In May, undercover video from the Humane Society of the U.S.showed horses being tortured and beaten to get them to do the high-stepping dance that’s the hallmark of a Tennessee Walking Horse.
Yesterday Jackie McConnell, considered one of the leading “trainers” of this sorry industry, was fined $75,000 and put on probation for three years.
The HSUS video showed McConnell and his stable hands beating horses and using electric cattle prods to make them lift their feet high in the special “walk” for which judges at walking shows like to see.
Worse, people like McConnell apply caustic chemicals to the ankles of the horses and them wrap them with plastic wrap so the chemicals eat into the skin.
“That creates intense pain and then the ankles are wrapped with large metal chains so the horses flinch, or raise their feet even higher,” said Keith Dane, who had led the investigation for the HSUS.
A random inspection by agents of the Department of Agriculture at last year’s annual championship found that all 52 of 52 horses tested positive for some sort of foreign substance around front hooves, either to cause pain or to hide it.
As part of his sentence, McConnell is also required to write a letter about the soring of horses, the pain it causes and the long-term effects on horses. He has also been banned for life from the Tennessee Walking Horse organization’s main annual show competition and has been removed from its hall of fame. The fine, however is pocket change. This abuser has made millions from his activities. Dane told The Chattanoogan that “he has shown no remorse. For decades his income was based on the torture of horses.”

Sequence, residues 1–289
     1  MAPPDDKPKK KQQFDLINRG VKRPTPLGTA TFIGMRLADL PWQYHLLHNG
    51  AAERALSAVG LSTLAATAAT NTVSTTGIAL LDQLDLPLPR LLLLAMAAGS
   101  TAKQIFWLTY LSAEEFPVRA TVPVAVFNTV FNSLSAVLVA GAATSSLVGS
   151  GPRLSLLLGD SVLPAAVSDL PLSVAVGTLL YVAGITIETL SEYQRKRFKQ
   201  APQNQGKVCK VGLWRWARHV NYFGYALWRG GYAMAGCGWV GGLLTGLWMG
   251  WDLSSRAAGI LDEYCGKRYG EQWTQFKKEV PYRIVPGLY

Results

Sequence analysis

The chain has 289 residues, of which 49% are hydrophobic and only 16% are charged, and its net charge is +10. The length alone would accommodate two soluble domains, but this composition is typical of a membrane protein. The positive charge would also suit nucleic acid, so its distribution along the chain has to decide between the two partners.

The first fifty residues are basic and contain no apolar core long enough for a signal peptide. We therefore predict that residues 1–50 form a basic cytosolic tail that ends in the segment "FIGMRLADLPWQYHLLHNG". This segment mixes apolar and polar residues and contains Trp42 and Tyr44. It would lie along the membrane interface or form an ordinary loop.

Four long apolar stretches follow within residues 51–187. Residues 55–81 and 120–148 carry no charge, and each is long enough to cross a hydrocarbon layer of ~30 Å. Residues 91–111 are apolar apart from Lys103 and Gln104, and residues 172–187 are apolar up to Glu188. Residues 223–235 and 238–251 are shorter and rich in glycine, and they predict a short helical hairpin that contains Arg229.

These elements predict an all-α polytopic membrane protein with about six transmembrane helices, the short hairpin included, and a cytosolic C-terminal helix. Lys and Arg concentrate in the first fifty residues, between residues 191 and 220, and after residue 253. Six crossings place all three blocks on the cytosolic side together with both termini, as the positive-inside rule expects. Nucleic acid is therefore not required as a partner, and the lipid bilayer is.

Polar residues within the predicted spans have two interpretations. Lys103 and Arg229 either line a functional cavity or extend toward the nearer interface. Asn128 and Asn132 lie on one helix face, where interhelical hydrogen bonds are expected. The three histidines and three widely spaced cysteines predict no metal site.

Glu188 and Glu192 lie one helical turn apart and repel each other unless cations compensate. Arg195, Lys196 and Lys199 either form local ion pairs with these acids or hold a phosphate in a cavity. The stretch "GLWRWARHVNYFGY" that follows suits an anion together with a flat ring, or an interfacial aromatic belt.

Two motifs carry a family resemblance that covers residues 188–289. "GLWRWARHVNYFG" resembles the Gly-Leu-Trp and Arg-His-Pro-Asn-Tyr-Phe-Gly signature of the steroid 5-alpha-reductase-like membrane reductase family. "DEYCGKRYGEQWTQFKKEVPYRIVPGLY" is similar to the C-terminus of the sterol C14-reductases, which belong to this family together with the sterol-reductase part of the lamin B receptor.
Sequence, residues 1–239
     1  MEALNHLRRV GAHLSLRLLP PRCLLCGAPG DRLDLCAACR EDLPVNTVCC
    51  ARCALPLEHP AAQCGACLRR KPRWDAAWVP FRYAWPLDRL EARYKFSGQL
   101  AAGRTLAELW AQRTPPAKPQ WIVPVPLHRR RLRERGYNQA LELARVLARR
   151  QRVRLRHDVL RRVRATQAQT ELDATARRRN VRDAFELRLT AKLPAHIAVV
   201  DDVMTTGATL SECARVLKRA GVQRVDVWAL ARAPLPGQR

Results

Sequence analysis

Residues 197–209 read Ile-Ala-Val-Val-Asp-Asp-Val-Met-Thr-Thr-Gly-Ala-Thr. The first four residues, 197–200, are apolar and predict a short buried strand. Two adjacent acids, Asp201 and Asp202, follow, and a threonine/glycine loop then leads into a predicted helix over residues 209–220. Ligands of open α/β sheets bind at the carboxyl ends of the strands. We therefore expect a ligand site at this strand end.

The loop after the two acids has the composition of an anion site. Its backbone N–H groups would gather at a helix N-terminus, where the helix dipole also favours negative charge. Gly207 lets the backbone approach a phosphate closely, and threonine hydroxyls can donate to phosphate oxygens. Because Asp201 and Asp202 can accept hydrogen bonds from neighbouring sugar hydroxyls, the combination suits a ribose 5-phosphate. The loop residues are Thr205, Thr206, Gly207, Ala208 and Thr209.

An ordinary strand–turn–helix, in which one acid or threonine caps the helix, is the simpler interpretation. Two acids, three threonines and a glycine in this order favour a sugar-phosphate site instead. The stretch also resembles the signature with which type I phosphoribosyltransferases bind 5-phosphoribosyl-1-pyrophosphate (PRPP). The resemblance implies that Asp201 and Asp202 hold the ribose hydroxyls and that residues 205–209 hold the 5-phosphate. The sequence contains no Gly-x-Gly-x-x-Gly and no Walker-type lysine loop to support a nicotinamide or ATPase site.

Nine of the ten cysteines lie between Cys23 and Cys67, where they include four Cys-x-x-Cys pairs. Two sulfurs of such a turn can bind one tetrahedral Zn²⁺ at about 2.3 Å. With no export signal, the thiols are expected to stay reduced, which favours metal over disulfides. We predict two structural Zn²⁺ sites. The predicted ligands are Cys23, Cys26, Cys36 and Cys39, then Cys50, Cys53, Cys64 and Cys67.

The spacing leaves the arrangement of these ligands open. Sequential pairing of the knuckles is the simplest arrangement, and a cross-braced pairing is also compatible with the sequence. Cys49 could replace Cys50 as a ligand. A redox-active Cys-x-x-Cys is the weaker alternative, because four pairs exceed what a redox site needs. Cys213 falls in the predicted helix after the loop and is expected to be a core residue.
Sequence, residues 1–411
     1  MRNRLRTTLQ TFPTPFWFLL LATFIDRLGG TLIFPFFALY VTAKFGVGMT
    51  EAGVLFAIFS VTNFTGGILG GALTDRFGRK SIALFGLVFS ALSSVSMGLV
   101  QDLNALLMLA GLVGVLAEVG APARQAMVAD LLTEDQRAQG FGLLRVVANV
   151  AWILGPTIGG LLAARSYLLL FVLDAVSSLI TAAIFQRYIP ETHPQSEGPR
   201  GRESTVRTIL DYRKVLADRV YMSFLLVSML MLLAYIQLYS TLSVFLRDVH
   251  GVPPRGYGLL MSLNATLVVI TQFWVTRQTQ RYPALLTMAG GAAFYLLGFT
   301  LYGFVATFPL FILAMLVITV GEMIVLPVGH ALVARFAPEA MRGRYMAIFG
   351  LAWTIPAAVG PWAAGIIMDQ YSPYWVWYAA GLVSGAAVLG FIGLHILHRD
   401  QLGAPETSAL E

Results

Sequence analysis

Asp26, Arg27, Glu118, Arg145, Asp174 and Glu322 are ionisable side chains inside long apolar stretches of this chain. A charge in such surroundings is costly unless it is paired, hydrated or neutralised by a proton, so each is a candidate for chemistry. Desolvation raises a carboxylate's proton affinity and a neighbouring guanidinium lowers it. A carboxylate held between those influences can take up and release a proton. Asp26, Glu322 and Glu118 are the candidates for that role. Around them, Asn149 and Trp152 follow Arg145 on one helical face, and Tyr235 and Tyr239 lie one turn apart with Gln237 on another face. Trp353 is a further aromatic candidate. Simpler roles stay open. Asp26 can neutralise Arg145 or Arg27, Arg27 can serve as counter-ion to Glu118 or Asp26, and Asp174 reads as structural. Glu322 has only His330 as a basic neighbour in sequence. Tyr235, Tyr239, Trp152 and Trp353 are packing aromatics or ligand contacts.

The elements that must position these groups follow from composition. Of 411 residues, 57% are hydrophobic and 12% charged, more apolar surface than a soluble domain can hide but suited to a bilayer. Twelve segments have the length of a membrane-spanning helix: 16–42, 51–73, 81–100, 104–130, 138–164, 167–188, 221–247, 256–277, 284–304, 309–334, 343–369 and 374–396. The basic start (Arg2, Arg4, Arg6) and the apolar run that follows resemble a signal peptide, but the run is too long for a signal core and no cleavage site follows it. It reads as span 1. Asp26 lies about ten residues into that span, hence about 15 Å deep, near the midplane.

According to the newspaper:
Although the Horse Protection Act was signed into law more than 40 years ago, the systematic abuse of Tennessee walking horses continues unabated. Trainers have devised a gruesome array of techniques to make it painful for these majestic horses to step down, so they will lift their front legs extremely high in the prize-winning, unnatural gait known as “the Big Lick.”
The state and federal charges against McConnell and his associates follow another recent federal criminal prosecution involving the practice of horse soring. In November 2011, former trainer Barney Davis pleaded guilty to violations of the Horse Protection Act. He was sentenced by a federal judge to serve more than a year in prison.
A 2010 USDA Office of Inspector General audit exposed how players in the walking horse industry work to evade detection, rather than comply with federal law and train horses humanely. The audit stated that the USDA needs more funding for full enforcement of the Act, and recommended stiffer penalties for violators and the abolishment of the industry’s failed system of self-enforcement.
Four members of Congress – Ed Whitfield, R-Ky., Steve Cohen, D-Tenn., Jan Schakowsky, D-Ill., and Jim Moran, D-Va., – have introduced H.R. 6388, the Horse Protection Act Amendments of 2012, to bring an end to the industry’s self-policing and to ban the use of devices associated with soring and mandate stronger penalties.
“How we treat animals is a direct reflection of our character, both as individuals and a nation,” said Rep. Cohen. “There is no ribbon, no prize nor championship worth the price of one’s humanity.”
Here’s a segment from ABC News Nightline on May 16th, in which you see some of the undercover video. (Warning: It’s hard to watch.)